This is where we ask Camus his thoughts on the Occupy movement, or the need for revolution, where is The Rebel? Camus has written about poverty, he was very conscious of the poor working class, having been raised in extreme poverty in Alger, he did not forget his roots during the rest of his life.  Let us not forget that Camus is not only famous for his works of fiction and theater, but as an active member of the Resistance, as a commentator on the political problems of his age. His warnings against fanaticism is still relevant today, as well as his passion for individual freedom. His pained and angry denunciations of social injustices serve as a reminder that people still suffer from avoidable ills, despite the many political and social changes that have occurred and continue to happen since his death. What I have always appreciated Camus for warning me against the various postures of chic revolt so common among teenager of bored, affluent nations. There is no silk-screened Che across my bosom. Revolutions aren’t secular versions of the Rapture, in which the “bad” government disappears, to be replaced by a new, “good” one. Revolution is generally a social calamity, a nightmare of inhumanity: one regime dissolves, and in the already violent chaos of meltdown various factions kill, rape and pillage in a struggle for ascendancy; the leaders of said factions tend to be nihilistic knaves (Lenin, Hitler) who would have lived, ranted, been ignored and died safely on the fringes of the old society. The Rebel is an incredible display of philosophical insight and moral awareness; next to Camus, Sartre is at best a naive bourgeois, from a distance lionizing the revolutionaries who would have destroyed him if they had had the chance, and at worst a cynical degenerate, a knowing flatterer of tyrants.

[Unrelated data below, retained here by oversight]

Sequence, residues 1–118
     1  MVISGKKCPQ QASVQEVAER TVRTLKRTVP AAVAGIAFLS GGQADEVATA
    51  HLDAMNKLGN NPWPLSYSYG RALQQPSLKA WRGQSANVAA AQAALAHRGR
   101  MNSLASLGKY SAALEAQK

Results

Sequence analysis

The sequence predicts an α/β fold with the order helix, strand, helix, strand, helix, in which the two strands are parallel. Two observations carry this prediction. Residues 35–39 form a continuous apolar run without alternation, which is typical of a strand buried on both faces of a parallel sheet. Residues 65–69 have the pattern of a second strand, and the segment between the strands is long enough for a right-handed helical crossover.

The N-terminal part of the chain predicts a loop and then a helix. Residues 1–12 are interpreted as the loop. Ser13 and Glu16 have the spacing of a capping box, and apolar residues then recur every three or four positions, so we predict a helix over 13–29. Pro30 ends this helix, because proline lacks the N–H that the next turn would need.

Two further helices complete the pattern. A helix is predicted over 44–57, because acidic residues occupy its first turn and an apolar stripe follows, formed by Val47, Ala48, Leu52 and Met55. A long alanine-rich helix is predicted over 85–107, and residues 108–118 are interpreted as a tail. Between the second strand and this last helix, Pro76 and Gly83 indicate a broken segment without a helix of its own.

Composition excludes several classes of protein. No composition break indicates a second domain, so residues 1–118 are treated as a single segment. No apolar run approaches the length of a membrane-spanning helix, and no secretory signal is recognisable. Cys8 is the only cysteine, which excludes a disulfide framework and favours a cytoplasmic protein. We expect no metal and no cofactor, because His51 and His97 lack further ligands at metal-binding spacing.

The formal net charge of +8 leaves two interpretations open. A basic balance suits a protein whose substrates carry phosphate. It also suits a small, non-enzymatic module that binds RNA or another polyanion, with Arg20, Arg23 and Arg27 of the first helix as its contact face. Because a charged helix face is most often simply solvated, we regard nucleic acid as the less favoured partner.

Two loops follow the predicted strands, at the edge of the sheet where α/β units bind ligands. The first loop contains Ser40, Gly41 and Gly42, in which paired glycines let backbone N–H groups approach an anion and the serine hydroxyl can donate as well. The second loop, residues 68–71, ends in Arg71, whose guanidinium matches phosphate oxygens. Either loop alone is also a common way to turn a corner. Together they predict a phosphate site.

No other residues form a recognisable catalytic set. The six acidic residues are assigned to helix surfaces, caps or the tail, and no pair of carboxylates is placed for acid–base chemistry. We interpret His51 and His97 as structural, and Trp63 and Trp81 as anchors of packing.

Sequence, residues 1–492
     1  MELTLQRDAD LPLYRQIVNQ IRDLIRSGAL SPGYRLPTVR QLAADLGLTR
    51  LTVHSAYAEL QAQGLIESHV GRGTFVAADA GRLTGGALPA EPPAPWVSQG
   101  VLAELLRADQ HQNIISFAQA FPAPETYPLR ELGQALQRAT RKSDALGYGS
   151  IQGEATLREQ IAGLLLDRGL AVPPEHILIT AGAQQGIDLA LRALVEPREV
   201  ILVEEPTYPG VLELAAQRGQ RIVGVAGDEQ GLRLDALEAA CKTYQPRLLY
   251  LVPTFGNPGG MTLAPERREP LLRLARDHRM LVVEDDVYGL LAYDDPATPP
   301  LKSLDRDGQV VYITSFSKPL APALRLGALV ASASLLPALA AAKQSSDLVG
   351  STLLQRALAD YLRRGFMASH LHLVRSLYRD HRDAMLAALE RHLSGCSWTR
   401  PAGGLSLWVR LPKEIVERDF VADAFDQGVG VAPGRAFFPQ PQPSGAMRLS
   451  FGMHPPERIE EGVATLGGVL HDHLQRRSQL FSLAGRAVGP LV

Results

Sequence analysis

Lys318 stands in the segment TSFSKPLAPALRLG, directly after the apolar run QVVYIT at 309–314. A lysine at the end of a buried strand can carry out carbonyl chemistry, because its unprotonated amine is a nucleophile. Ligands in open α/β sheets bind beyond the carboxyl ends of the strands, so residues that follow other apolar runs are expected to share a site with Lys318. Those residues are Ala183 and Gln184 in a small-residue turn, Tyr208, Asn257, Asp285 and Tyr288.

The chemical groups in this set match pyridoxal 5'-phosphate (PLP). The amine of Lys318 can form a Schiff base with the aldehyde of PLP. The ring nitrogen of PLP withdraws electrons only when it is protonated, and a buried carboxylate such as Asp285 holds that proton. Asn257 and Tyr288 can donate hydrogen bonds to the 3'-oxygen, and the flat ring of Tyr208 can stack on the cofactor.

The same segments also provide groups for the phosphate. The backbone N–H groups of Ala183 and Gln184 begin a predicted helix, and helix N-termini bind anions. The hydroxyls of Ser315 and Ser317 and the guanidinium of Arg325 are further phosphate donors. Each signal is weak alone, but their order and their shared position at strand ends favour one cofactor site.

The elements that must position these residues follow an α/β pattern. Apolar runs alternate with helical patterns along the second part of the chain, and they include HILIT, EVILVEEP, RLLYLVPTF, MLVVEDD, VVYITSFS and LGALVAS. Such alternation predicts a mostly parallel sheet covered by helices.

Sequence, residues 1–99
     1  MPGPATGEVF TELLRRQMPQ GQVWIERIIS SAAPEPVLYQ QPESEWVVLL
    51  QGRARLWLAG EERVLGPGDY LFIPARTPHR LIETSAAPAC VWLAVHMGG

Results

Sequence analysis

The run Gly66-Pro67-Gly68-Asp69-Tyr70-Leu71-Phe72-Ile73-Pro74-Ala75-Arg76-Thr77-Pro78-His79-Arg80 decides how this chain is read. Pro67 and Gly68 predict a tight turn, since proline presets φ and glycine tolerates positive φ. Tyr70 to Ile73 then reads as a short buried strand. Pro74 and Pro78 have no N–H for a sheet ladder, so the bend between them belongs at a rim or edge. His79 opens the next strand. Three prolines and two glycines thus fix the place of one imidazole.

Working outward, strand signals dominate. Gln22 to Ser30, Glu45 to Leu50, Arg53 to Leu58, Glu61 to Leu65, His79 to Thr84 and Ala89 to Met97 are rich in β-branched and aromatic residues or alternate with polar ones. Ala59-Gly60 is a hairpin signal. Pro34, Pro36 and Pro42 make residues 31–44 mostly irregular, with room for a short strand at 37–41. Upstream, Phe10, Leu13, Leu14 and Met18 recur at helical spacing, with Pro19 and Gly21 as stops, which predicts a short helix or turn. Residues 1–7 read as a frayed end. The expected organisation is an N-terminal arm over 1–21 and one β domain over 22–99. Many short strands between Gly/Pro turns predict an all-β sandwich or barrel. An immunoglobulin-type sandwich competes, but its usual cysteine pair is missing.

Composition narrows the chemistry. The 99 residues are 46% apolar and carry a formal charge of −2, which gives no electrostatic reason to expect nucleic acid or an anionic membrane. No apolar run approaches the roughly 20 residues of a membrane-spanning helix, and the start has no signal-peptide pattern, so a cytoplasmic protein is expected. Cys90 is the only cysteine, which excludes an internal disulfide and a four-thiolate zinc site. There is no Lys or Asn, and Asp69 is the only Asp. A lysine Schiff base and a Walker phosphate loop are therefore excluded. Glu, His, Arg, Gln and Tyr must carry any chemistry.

Camus begins by defining the Rebel as one who affirms by negating, who says yes in saying no–one who decries absolute freedom in establishing limits to acceptable behavior. He thus immediately counterposes the rebel with the nihilist, who, in denying that anything has meaning, valorizes a conception of life which is dominated by mere facts–power. He takes issue with revolutionary movements as they have existed in the twentieth century, claiming most of them to have betrayed the origins of rebellion by replacing it with an absolutist–even, totalitarian–ethic. He sees much to be respected in the efforts of the Russian ‘revolutionaries’ of the late nineteenth and early twentieth centuries (a group from which he of course excludes Lenin), who rebelled against tsarism and tyranny often violently. Camus finds their nobility partly in the fact (which he posits) that these revolutionaries, unlike many of their counterparts of the twentieth century, were often quite consumed by doubt and engaged in murder and assassination only with much reluctance and much moderation. He laments, then, the disappearance of such doubt and moderation in the nihilism that gripped much of the twentieth century, nihilism that gave rise to the uncompromising ideology of Marxism-Leninism and, not unrelatedly, Nazism, and denounces its consequences.

Camus also roundly criticizes many of his intellectual contemporaries for their undying faith in Marxism, claiming, for one, that Marxism reproduces some of the central problems of religious faith (ie, in relegating justice, etc., to the “Later On,” as he puts it–that is, post-capitalist society) and entails the negation of much that is defensible and good in humanity by reducing human obligation to the promotion of revolution. I think he’s certainly on to something here, but I think his reading of Marx is also somewhat flawed, in that Camus seems to disregard Marx’s concern with emancipation and free conscious activity in his efforts to discredit the approach of the “prophet of justice.” Camus posits a different approach to social change, claiming that rebels/revolutionaries, in their efforts to combat injustice, should never lose sight of the importance of beauty within the conception of human dignity.